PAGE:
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Govt plan to turn Vikrant into museum runs aground

That is almost the state government’s estimated total project cost in 2010.

Written by Kavitha Iyer | Mumbai |
October 19, 2011 1:00:49 am

The state government’s ambitious plan to turn decommissioned aircraft carrier Vikrant into a national maritime museum,riding on the ship’s immense emotive value for her role in the 1971 war has,once again,hit a dead end.

While one of the two bidders in the fray for the public-private partnership project opted out at the penultimate stage,the solitary bid by Ackruti City projected a steep viability gap fund (VGF) of Rs 500 crore. That is almost the state government’s estimated total project cost in 2010. Officials said there could be no justification for the government to undertake a PPP project involving such a large grant.

An earlier round of bidding had ended in April 2010 with a no-show by five private developers after the government decided not to extend the last dates for bid submission.

The reason for the latest debacle,revealed officials,is that the government deleted a key revenue stream at the stage when the bids were already in and were in the technical evaluation stage. “Helicopter services,including joyrides — a key component of the state’s feasibility analysis for the project — had to be removed from the project design even though the final two bids were in. The decision was at the insistence of the Navy that chopper operations could not be permitted from the flight deck of Vikrant,” said a senior government official.

One of the two bidders was Aamby Valley,which had participated aggressively as its parent company, the Sahara group,having exited from the airline business,was keen to use its existing aviation industry assets,including helicopters. It was also keen to forge a chopper route to Aamby Valley from South Mumbai for owners of chalets and luxury holiday homes there.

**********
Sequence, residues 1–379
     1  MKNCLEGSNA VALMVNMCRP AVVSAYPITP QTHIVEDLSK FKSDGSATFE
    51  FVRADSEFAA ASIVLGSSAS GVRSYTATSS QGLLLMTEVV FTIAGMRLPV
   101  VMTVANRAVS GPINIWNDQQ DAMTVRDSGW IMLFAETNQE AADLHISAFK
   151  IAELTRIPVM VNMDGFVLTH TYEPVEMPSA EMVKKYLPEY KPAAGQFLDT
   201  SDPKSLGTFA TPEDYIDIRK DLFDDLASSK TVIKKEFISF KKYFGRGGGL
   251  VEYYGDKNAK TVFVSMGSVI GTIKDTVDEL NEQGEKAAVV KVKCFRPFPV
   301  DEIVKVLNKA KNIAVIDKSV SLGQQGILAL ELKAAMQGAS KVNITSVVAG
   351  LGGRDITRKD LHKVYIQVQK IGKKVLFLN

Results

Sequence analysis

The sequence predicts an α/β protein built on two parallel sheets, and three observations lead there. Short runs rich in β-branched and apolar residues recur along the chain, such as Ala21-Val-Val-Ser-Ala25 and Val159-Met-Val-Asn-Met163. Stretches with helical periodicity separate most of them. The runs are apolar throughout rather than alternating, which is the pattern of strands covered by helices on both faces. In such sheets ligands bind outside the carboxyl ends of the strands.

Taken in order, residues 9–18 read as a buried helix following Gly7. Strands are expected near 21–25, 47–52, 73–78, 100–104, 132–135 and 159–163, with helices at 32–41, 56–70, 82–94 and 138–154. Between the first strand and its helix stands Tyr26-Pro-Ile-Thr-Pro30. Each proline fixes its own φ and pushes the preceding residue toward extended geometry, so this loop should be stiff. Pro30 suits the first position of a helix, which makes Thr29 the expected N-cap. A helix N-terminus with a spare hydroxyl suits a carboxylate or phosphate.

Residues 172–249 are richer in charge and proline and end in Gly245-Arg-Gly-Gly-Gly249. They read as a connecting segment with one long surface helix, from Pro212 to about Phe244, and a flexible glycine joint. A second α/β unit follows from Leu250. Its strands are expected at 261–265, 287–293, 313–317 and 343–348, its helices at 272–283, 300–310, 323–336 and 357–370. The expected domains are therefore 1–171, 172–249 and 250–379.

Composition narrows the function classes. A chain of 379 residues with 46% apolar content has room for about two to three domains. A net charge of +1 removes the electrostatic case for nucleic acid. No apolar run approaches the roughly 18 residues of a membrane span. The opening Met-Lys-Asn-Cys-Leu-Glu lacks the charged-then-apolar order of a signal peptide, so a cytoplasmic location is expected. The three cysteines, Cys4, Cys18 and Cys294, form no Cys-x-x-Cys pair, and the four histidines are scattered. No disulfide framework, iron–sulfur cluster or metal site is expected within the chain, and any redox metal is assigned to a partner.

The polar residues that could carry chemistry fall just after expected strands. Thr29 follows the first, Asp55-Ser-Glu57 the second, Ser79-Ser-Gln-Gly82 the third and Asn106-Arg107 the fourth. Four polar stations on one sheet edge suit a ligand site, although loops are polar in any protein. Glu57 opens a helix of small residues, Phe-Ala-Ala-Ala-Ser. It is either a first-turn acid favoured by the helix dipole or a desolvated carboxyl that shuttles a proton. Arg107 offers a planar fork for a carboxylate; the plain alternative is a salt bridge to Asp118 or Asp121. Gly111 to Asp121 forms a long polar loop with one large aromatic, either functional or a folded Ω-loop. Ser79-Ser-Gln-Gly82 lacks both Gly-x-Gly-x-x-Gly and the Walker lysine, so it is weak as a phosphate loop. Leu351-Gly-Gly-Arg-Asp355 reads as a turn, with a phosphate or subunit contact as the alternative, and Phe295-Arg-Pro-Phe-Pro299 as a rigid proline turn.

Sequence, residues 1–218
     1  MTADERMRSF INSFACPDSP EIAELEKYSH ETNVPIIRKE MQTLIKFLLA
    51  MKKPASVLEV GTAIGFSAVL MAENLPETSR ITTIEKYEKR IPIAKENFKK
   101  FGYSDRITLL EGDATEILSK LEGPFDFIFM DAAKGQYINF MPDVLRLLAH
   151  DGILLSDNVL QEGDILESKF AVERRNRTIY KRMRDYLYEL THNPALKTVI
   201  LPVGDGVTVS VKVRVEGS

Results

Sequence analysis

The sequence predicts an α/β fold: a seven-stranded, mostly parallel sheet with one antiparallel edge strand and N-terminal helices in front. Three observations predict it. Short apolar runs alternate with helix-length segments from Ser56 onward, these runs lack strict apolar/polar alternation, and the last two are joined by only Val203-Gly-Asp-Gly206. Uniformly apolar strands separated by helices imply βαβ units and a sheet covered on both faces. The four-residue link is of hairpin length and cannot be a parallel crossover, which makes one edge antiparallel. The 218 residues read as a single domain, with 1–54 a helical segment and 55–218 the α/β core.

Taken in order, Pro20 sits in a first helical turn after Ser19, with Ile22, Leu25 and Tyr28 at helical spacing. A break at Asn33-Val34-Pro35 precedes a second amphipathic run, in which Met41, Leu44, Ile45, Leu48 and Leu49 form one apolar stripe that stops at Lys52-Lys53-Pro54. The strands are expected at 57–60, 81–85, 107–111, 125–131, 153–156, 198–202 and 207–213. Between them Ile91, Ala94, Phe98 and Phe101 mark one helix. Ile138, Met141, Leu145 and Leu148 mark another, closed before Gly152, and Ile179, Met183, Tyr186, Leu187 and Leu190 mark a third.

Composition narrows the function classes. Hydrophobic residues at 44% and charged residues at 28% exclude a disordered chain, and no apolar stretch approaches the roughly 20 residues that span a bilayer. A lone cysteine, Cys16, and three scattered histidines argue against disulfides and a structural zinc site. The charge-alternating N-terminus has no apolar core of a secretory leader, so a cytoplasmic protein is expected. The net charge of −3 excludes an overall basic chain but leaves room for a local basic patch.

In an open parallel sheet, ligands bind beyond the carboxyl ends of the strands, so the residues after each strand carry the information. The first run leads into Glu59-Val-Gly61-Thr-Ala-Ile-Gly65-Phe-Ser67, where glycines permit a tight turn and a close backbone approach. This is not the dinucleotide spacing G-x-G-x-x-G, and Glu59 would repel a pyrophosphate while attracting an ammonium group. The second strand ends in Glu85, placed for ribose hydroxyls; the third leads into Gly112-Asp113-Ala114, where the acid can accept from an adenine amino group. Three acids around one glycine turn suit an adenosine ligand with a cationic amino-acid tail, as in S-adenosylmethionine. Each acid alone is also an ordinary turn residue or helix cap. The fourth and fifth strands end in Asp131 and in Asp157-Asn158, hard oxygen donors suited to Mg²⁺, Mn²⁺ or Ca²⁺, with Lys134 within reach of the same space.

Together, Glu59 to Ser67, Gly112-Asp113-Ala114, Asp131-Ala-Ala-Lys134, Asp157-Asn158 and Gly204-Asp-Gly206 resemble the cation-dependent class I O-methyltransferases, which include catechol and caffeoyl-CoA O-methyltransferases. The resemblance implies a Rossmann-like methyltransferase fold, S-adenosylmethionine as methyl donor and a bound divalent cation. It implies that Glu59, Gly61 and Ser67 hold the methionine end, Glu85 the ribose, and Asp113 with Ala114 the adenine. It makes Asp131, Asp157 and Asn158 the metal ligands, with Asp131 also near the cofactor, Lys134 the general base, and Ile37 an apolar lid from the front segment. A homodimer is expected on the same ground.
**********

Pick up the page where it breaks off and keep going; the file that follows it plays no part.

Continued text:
Though the committee overseeing the design of the project and the bid documents included a Naval representative,the Indian Navy reportedly took the stand that helicopter operations could not be permitted — they would clash with operations from INS Shikra,the Navy’s nearby helicopter base. While officials courted the idea of instead offering the museum’s visitors chopper rides from Shikra,the idea had to be abandoned too as a seaside entry into Shikra was considered a security hazard and the option of resettling large slums to permit entry from another end was deemed unfeasible.

With helicopter operations ruled out,Aamby Valley expectedly opted out.

“The idea was that the commercial segments would cross-subsidise the cost of grouting the ship at Oyster Rock,stabilising her,etc. The VGF was to have provided for any further gap in the cost of basic works,that gap can hardly be Rs 500 crore,” said the official.

While the government is yet to take a formal decision on Ackruti’s bid,officials said it cannot be accepted at the current VGF. Re-tendering may be an option,but without revenue from helicopter operations,the state government’s own feasibility study will have to be overhauled.

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